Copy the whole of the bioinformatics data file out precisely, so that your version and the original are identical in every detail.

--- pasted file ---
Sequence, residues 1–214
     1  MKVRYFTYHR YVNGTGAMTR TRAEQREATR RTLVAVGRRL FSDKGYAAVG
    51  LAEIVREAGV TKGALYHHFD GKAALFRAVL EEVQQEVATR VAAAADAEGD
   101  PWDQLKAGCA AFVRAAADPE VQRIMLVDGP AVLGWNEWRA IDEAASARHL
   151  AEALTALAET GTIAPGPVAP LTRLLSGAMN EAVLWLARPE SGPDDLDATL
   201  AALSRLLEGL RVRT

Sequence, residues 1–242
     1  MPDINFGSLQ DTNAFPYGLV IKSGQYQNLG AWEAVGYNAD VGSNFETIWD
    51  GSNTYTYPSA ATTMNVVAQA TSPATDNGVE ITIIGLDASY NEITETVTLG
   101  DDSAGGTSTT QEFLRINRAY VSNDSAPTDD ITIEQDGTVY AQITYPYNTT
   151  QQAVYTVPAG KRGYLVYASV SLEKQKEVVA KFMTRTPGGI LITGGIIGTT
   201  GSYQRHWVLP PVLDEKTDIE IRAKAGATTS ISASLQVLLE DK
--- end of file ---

Sequence, residues 1–214
     1  MKVRYFTYHR YVNGTGAMTR TRAEQREATR RTLVAVGRRL FSDKGYAAVG
    51  LAEIVREAGV TKGALYHHFD GKAALFRAVL EEVQQEVATR VAAAADAEGD
   101  PWDQLKAGCA AFVRAAADPE VQRIMLVDGP AVLGWNEWRA IDEAASARHL
   151  AEALTALAET GTIAPGPVAP LTRLLSGAMN EAVLWLARPE SGPDDLDATL
   201  AALSRLLEGL RVRT

Sequence, residues 1–242
     1  MPDINFGSLQ DTNAFPYGLV IKSGQYQNLG AWEAVGYNAD VGSNFETIWD
    51  GSNTYTYPSA ATTMNVVAQA TSPATDNGVE ITIIGLDASY NEITETVTLG
   101  DDSAGGTSTT QEFLRINRAY VSNDSAPTDD ITIEQDGTVY AQITYPYNTT
   151  QQAVYTVPAG KRGYLVYASV SLEKQKEVVA KFMTRTPGGI LITGGIIGTT
   201  GSYQRHWVLP PVLDEKTDIE IRAKAGATTS ISASLQVLLE DK